Can the Northwest compete in the coming space race?
The Puget Sound region is experiencing a literal “get in on the ground floor” moment as the space economy begins to warm up, and is expected to take off very soon.
A study from the Puget Sound Regional Council concludes that “Washington state and the central Puget Sound region are positioned to lead commercial space exploration and development.” The next space race may very well be a regional competition as cities and states compete to become a hub for the space economy.
While the industry appears healthy in the Northwest so far, the report also notes that the need for skills and talent in the region will grow in the years ahead, especially for fields involving science, technology, engineering, and math. The region already boasts a bevy of aerospace companies and tech talent. But the report also argues that schools will need to ramp up programs in these fields if locals are to participate in the evolving industry.
Northwest space economy
The PSRC says that Puget Sound companies have spent 50 years growing the industry with research, development, and manufacturing across “a diverse pool of local and international companies providing a range of space-related services.”
“Focusing on the core elements of the space economy, including original equipment manufacturers, launch service providers, and satellite support services, these business are currently responsible for $1.8 billion in economic activity, with about 6,221 jobs supported across the entire economy,” the study reads, further noting that the Washington space economy constitutes $65 million in state and local taxes. The payroll for such companies adds up to about $610 million.
For example, Amazon CEO Jeff Bezos has a side company in Kent called Blue Origin. The aerospace manufacturer and spaceflight services company employs about 1,100 people and is expanding.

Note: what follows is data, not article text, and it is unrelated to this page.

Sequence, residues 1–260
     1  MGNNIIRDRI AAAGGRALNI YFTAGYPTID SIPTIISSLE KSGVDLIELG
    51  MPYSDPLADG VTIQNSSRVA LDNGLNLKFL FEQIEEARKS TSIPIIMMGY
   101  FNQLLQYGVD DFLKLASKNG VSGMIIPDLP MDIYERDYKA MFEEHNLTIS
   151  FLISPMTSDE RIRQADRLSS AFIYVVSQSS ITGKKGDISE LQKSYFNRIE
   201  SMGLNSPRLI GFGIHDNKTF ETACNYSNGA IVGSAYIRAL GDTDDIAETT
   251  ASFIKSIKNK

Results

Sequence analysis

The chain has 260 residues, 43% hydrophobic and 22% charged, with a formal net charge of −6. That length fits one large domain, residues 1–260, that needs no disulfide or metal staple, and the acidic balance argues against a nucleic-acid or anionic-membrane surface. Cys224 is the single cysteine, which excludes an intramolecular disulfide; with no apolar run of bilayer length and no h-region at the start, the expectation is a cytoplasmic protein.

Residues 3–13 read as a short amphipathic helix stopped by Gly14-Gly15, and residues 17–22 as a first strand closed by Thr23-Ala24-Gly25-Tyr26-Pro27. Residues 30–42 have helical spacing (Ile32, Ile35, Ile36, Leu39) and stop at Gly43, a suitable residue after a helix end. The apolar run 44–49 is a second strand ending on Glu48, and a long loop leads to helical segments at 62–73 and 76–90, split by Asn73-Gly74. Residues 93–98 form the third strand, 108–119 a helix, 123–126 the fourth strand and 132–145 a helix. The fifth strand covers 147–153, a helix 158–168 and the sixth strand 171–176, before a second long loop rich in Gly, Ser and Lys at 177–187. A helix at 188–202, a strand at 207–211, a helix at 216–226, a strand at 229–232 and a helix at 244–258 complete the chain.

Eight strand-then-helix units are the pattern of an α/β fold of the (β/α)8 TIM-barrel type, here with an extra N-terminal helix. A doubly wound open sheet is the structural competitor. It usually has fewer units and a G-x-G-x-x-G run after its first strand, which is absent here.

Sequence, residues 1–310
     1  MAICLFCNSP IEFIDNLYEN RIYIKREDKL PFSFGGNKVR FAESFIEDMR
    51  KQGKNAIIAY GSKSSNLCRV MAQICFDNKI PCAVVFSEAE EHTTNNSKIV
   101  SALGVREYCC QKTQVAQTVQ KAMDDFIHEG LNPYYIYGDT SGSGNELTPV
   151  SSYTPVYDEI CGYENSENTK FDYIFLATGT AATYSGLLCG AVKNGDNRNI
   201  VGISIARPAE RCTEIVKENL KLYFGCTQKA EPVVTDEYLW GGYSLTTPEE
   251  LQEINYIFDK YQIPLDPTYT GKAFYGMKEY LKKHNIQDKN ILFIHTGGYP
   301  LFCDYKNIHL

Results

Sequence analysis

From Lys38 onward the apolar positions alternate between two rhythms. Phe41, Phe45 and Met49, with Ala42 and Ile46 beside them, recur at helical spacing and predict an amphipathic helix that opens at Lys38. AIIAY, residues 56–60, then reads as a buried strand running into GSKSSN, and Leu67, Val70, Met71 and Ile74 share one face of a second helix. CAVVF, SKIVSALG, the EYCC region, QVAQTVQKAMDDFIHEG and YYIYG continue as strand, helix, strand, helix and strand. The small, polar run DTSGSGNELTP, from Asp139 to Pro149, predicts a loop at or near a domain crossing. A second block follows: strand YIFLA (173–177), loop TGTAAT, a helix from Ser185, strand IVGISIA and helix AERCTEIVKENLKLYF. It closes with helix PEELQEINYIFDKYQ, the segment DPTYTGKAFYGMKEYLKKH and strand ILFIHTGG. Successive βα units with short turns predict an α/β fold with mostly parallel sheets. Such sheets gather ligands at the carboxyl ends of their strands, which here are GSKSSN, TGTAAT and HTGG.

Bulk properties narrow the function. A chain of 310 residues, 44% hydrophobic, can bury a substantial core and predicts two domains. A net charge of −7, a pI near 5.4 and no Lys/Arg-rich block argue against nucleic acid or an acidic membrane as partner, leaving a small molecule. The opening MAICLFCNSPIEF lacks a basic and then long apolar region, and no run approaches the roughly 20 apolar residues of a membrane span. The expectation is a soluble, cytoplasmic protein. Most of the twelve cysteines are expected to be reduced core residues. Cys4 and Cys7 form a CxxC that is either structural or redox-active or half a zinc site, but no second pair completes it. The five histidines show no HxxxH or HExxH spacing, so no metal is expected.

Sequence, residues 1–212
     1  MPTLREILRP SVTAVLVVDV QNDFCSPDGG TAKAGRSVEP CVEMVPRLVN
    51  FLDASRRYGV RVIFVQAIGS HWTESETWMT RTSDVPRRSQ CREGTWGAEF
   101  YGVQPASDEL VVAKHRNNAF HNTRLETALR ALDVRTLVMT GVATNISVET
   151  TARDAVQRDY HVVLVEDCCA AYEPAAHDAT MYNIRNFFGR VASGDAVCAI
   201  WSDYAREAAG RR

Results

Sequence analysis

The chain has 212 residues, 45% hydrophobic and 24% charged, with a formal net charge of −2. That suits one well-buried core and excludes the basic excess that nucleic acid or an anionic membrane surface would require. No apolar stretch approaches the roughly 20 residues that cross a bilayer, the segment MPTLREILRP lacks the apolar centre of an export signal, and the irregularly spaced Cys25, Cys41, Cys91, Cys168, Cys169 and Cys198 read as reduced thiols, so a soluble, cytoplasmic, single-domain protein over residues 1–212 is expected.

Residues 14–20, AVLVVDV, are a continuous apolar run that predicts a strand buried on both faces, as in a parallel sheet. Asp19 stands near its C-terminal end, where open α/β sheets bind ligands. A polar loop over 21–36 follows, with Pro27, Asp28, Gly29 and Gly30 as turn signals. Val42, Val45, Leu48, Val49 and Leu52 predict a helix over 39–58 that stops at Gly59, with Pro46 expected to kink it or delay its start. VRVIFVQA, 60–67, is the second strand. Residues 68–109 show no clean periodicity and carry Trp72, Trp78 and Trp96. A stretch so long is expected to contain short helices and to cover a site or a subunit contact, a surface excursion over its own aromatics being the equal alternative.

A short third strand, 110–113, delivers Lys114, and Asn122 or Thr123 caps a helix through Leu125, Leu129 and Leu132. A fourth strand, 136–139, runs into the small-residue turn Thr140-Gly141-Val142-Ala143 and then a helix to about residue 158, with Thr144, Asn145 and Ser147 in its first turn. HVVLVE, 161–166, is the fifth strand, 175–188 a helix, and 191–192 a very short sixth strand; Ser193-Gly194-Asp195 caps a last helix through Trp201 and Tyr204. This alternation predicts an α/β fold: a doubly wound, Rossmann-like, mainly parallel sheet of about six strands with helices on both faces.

PSRC notes that Elon Musk’s Space X company — headquartered in Hawthorn, Calif. — has moved offices into Redmond and Seattle to support satellite and broadband initiatives. Not to mention a range of others — Boeing, Vulcan Aerospace, Spaceflight industries, Aerojet Rocketdyne, and Planetary Resources.
The PSRC report points to regional companies that supply: parts and components; upper-tier suppliers with original components; launch services; and products derived from spacecraft, satellites and launch vehicles. Also, businesses supported by space activities.
Aerospace employment in the Puget Sound region peaked in the 1990s, but that employment fell by 2004, according to the PSRC. Projections show that this labor force will “remain stable” at around 77,300 employees in 2026.
There are a few points that will greatly affect the labor figure that the region needs to address, the report argues:
- An aging workforce: The report calls this a “silver tsunami.” Baby Boomers will retire, leaving their positions in the aerospace industry. “It was estimated in 2016 that nearly 23 percent of aerospace workers were eligible for retirement, and that nationwide over the next decade up to 190,000 workers will need to be replaced,” the study states.
- Automation: The costs of producing products will encourage automation to bring costs down. These systems could eliminate some manufacturing positions.
- There are gaps in supply and demand for software development and industrial engineering.